'If We Are Able To Satisfy The User With The MkI Products…, We Should Be Able To Export The Same To Other Countries When We Develop The MkII Version’
Chairman, Defence Research and Development Organisation (DRDO) and Secretary Department of Defence R&D, Dr S. Christopher

S. ChristopherYou have spoken on the export potential in defence. Can you please elaborate what export are we looking at?

In the last Aero India, Prime Minister Narendra Modi categorically said that India seems to be the first in the defence equipment import and he was not proud of that. And DRDO as a defence R&D organisation should have fulfilled the requirement of not allowing imports. However, the question is if we are able to satisfy the user with the MkI products that we have made, we should be able to export the same to other countries when we develop MkII version. Especially, when there are several countries in and around India (specifically the East Asian countries) that are looking for our products.

Take the example of Pinaka rocket system. This was made for the Indian armed forces. The Indian Army accepted four regiments in the beginning. Now six more regiments for about Rs 14,000 crore have recently been cleared. The first version of the rocket, Pinaka Mark-I which is in service with the army has the range of 40 km with the margin of error of 1.5 per cent. In the Mark II version, (also called Guided Pinaka), we have increased the range to 60 km; and reduced the CEP (circular error probable) in MkIII. The army has come up with the revised specifications and are interested in this Mark III. In this situation, we feel that we can find somebody else who is interested in Mark II. It is much better ammunition with better capability and we are retaining the cost between MkI and MkII. We have made certain modifications and our production rate is also faster. Furthermore, we are looking at adding correctors to reduce the error. We have done our experiments with two systems in January 2017 and Mark III system is ready for further trials and production.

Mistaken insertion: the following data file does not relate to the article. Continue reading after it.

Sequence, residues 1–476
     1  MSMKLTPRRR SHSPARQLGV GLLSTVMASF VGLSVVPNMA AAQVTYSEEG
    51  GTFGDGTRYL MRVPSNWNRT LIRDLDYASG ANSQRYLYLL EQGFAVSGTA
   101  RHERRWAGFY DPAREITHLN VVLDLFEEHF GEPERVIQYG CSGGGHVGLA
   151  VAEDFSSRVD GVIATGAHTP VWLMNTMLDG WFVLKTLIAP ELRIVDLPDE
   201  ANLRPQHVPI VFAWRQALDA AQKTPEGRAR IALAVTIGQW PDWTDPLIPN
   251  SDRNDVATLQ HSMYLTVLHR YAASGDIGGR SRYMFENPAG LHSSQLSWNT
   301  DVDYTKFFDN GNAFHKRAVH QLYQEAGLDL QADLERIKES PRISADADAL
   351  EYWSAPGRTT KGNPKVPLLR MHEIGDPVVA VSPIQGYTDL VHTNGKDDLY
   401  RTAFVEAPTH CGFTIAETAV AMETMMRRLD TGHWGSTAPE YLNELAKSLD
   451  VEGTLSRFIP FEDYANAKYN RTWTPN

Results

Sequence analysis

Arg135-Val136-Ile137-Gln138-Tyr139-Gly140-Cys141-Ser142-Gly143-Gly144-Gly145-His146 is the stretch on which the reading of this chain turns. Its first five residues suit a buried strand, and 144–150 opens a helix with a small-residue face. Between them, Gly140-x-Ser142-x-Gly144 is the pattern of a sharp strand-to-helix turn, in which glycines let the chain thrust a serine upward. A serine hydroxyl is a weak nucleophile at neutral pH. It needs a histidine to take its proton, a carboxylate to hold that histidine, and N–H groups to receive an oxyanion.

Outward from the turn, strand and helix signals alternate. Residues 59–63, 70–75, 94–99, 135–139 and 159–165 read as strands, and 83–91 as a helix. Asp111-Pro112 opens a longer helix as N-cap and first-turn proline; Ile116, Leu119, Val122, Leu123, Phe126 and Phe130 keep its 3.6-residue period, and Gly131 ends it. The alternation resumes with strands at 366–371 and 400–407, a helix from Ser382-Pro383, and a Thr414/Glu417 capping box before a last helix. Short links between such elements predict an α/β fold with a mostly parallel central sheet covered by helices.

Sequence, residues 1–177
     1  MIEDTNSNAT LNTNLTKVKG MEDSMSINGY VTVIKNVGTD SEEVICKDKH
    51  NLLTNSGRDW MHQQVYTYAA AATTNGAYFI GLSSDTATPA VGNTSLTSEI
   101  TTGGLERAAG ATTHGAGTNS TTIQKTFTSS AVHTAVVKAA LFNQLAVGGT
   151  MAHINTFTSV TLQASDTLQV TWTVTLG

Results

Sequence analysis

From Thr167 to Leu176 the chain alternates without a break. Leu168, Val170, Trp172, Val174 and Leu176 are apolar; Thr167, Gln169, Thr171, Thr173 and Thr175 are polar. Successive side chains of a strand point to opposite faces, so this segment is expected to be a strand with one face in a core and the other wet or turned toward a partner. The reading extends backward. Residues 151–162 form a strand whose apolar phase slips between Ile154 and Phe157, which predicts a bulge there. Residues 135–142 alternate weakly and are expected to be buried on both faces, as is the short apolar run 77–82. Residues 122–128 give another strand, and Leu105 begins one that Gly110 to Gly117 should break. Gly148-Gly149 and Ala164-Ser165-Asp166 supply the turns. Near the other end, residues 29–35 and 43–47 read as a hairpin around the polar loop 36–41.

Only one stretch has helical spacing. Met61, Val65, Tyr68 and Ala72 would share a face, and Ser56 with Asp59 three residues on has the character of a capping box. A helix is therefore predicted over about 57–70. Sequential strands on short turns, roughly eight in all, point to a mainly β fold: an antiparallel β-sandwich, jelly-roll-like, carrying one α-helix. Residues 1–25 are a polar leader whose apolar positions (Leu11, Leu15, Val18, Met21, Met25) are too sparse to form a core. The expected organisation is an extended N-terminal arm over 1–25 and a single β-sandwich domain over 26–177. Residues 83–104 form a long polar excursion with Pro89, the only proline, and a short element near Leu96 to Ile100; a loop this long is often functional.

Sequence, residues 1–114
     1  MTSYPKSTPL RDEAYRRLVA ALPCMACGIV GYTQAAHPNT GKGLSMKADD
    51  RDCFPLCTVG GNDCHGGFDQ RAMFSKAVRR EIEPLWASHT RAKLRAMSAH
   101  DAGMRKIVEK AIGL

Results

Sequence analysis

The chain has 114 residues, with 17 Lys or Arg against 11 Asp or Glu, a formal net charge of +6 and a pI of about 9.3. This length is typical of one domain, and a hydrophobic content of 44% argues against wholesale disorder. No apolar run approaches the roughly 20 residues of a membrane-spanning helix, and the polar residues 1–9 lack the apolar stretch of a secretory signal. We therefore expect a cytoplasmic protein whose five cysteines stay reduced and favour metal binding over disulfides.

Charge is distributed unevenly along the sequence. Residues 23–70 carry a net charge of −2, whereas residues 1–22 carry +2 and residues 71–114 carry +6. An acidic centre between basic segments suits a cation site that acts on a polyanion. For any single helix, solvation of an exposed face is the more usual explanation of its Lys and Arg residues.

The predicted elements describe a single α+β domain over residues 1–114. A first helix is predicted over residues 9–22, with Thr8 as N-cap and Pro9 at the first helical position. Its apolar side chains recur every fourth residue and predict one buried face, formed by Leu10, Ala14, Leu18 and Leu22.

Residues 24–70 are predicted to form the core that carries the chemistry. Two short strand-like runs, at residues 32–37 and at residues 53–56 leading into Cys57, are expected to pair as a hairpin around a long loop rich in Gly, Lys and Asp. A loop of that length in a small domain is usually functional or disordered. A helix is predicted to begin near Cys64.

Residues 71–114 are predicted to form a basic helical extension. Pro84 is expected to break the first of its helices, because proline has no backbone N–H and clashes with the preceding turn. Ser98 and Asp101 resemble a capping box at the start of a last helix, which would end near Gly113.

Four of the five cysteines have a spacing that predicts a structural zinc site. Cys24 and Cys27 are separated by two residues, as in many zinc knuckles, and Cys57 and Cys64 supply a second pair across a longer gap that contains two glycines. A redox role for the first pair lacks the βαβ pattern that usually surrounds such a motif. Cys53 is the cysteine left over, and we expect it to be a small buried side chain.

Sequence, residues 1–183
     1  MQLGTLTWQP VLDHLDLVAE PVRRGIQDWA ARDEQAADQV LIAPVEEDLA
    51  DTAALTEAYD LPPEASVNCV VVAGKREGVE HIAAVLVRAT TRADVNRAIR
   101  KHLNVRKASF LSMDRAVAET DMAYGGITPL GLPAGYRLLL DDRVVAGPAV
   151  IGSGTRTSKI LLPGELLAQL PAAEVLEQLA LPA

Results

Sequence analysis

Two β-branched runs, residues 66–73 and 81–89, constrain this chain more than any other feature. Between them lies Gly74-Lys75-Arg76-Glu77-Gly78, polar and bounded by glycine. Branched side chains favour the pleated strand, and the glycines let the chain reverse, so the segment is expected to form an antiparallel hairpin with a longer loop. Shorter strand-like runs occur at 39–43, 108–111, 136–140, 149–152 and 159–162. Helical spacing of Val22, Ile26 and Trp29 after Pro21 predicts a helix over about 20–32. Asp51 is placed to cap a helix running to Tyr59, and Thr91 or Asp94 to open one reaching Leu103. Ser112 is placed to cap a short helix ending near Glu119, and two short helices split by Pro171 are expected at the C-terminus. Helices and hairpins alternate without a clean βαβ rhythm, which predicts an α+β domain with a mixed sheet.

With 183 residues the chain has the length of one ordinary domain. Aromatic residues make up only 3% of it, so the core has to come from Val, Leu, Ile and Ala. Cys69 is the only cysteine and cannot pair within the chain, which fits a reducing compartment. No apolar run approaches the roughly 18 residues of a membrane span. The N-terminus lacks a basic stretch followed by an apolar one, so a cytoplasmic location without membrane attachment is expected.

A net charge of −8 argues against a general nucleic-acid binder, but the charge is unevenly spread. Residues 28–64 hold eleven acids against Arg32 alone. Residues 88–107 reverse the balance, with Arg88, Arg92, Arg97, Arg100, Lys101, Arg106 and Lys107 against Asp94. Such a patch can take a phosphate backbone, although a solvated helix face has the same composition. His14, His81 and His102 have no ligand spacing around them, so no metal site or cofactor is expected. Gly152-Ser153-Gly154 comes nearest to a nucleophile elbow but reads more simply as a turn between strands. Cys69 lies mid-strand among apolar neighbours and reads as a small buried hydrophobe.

AEW&C is another example for potential export. We have spent so much time and energy in this programme, and based on that we got AWACS (I) programme where it will be the platform and mission system by DRDO based on AEW&C technology Airbus A330. Therefore, Embraer-145I AEW&C can be offered for exports. This system garnered a lot of interest during CAS’ visit to Indonesia and also at the Bahrain Air Show. Indonesia comprises about 16,000 small islands which needs monitoring and Bahrain can use AEW&C aircraft which they can use to monitor its oil wells. Interest is also shown by another south American country.

BRAHMOS cruise missile is another example. Being a joint venture between India and Russia, and owing to our mutually friendly relationship, exporting BRAHMOS will not be a problem. However, we have to converge on friendly countries.

There is a market for Akash missile system along with the Rajendra radar for the exports. We do have a history of exporting sonars and radars. Many Battlefield Surveillance Radar (BFSR) have already exported and other radars like Indra are in the pipeline.

FORCE editor Pravin Sawhney with Dr. S. Christopher
FORCE editor Pravin Sawhney with Dr. S. Christopher

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